During the war she earned the unusual distinction of being one of the few pre-dreadnought battleships ever to score a hit on a dreadnought in battle. On 10 May 1915, while the Russian fleet was bombarding the Turkish fortifications at the Bosphorus, the Panteleimon hit the German-built battlecruiser Goeben with two 12-inch shells. This was enough to convince the battlecruiser to break off the action.

Thanks to author Steve McLaughlin for these details.

Saturday, May 24, 2014

Austria-Hungary Wanted to Invade Serbia — In 1913!

The ex-premier of Italy, Signor Giolitti, in a speech delivered in the Chamber of Deputies on 5 December 1914, revealed the fact that in 1913 Austria-Hungary had planned to attack Serbia. He said that on 9 August 1913 he had received the following telegram from Foreign Minister Marquis di San Giuliano:

Austria has communicated to us and to Germany her intention of taking action against Serbia, and defines such action is defensive, hoping to bring into operation the casus foederis of the Triple Alliance.

The Empire's Most Tireless Advocate of a Punitive War Against Serbia

He replied:

If Austria intervenes against Serbia, it is clear that a casus foederis cannot be established. It is a step which she is taking on her own account, since there is no question of defense, inasmuch as no one is thinking of attacking her.

The fact that the Treaty of Bucharest (the settlement of the Second Balkan War, which gave Serbia a massive increase in territory and population) was signed on the day following Giolitti's receipt of the telegram reveals Austria's motive as a desire to prevent Serbia from profiting by the conclusion of a highly advantageous treaty.

The telegram indicates that the assassination of the Archduke was the occasion rather than the cause of Austria's ultimatum to Serbia, and it reveals the reason for Austria's action in July 1914 in omitting to notify Italy in advance of her demands upon Serbia.

The authenticity of the telegram is established by the fact that the Austrian government has not denied it. Its contents are brought into relief by the statements of M. Pichon, ex-minister of foreign affairs of France. The Paris correspondent of Il Giornale d'Italia reported (29 December 1914) a conversation which he had with M. Pichon on the subject of Giolitti's disclosure. M. Pichon said that in June 1913, when he was minister of foreign affairs, at the time of the affair of Scutari, the Italian Government informed him that Austria had notified it of her intentions with regard to Serbia, and that the Italian government had replied that the casus foederis was not applicable.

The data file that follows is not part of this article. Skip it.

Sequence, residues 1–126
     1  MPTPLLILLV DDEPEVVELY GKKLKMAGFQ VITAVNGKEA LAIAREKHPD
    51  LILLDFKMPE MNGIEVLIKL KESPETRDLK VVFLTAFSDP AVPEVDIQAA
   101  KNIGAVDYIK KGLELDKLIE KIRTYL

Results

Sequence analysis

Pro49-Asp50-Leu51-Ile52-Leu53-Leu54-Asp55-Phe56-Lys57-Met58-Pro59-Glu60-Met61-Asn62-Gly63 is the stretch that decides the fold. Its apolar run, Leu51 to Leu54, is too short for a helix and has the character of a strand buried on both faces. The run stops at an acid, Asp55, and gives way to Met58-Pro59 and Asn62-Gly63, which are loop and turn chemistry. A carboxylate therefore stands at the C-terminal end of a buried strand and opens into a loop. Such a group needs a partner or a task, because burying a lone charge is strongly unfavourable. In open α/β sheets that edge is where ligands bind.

Source: Anderson, Frank Maloy and Amos Shartle Hershey, Handbook for the Diplomatic History of Europe, Asia, and Africa 1870–1914. Prepared for the National Board for Historical Service. Government Printing Office, Washington, 1918.

Friday, May 23, 2014

Western Front Virtual Tour — Stop 20: Pals Battalions Memorials at Serre

During the Great War there were 404 service battalions and 153 reserve battalions formed in the New Army. Fifty-nine of these battalions are considered "Pals". To be included as one of these the unit should meet these criteria: (1) be affinity-based, at least at the time of formation, (2) be formed within the New Army, and (3) not continue in existence after 1919. As will be explained, there were units that met some but not all of these points. Many had their baptism of fire on 1 July 1916 and a number suffered heavy casualties. For instance, the Accrington Pals that attacked at Serre lost 584 were killed, wounded or missing of 720 men, who went over the top that day.

Thanks to regular contributor Jim Patton for these details.

Thursday, May 22, 2014

Remembering a Veteran: Lieutenant Carl Hans Lody, German Naval Reserve — Spy